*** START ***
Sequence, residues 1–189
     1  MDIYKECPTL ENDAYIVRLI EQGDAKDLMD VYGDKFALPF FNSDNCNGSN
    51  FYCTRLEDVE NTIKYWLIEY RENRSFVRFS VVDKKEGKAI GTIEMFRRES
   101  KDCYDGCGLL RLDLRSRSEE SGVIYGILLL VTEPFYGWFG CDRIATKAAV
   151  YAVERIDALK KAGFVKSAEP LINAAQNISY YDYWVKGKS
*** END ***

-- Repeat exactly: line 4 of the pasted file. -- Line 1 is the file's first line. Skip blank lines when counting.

   101  KDCYDGCGLL RLDLRSRSEE SGVIYGILLL VTEPFYGWFG CDRIATKAAV